It's a chord change 7 years in the making. Plus, stories about music drowning out hate speech, fixing our mental health, and more!
1. There are few instruments that awe quite like an organ. The reconstruction of Notre Dame Cathedral's great organ after last year's fire gives us a unique opportunity to find out how it works.
2. Is music the key to managing your mental health during these stressful times? Some researchers think so.
3. Great Performances' series "Now Hear This" is like a food show, or a travelogue, only it's about music. Watch the trailer, and check out this article about it in The Washington Post.
4. A Danish jazz collective is drowning out hate speech at demonstrations by playing "gruesome music against gruesome words."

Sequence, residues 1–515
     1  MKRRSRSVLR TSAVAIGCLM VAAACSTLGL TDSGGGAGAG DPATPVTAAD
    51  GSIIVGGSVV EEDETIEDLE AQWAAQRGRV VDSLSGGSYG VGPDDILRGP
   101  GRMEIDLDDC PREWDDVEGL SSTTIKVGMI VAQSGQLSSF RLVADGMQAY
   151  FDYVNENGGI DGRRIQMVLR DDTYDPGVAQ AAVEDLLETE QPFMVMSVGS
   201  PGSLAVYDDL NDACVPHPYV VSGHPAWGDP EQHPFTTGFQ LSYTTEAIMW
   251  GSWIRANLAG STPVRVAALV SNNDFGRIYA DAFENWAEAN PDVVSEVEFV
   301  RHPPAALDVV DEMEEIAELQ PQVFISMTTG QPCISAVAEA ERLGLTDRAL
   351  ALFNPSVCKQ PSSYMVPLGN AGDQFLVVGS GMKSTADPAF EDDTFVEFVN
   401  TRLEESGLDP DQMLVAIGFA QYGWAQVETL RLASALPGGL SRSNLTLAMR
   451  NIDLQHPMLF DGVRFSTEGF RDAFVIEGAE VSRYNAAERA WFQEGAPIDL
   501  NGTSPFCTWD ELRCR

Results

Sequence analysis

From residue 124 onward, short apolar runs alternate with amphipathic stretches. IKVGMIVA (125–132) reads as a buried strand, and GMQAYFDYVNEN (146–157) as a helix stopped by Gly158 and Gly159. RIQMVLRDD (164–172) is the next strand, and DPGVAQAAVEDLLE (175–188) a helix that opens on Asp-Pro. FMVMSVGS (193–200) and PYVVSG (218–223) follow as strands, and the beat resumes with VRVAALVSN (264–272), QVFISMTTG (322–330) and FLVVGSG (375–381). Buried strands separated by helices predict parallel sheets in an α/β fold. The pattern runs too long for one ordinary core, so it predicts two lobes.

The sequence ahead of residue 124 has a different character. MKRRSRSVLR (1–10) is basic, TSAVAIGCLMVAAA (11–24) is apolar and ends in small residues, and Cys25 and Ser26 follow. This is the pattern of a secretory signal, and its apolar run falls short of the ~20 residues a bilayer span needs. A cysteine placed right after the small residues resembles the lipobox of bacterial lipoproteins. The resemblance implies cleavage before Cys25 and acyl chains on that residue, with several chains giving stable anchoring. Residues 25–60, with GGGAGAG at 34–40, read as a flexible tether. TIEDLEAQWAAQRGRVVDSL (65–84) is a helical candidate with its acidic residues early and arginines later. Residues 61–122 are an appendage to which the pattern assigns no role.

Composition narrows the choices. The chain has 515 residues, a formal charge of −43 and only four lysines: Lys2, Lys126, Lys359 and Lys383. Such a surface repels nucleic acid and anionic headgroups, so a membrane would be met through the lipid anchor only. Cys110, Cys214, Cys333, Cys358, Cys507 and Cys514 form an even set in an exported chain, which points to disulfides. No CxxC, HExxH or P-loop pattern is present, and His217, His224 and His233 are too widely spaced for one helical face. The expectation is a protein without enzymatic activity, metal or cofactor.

5. When it comes to making symphony orchestras more diverse, everyone has an idea -- but who better to ask than the musicians themselves? The New York Times did just that. Read their thoughts here.
6. UK music teacher Helen Minshall recently swam lake Windermere while playing the trombone, to help her colleagues and other musicians whos jobs have been affected by the coronavirus.
7. Constance Weldon was the first woman to play tuba in a major American orchestra -- and it took another 50 years before the second was appointed. Weldon died in August, and her obituary is absolutely fascinating.
8. Composer John Cage's piece, "As Slow as Possible," is currently being performed at a church in Germany. Here are a couple of wild facts about it: the performance will last for 639 years; it began 19 years ago with a pause that lasted 18 months; over this past weekend, visitors flocked to hear its first chord change in 7 years.